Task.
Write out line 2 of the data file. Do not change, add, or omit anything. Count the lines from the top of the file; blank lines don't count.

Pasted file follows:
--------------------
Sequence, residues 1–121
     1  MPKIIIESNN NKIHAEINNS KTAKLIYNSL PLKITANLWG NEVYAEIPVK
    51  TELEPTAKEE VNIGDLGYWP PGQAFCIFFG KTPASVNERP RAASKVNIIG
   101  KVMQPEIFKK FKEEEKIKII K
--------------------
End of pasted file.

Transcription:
     1  MPKIIIESNN NKIHAEINNS KTAKLIYNSL PLKITANLWG NEVYAEIPVK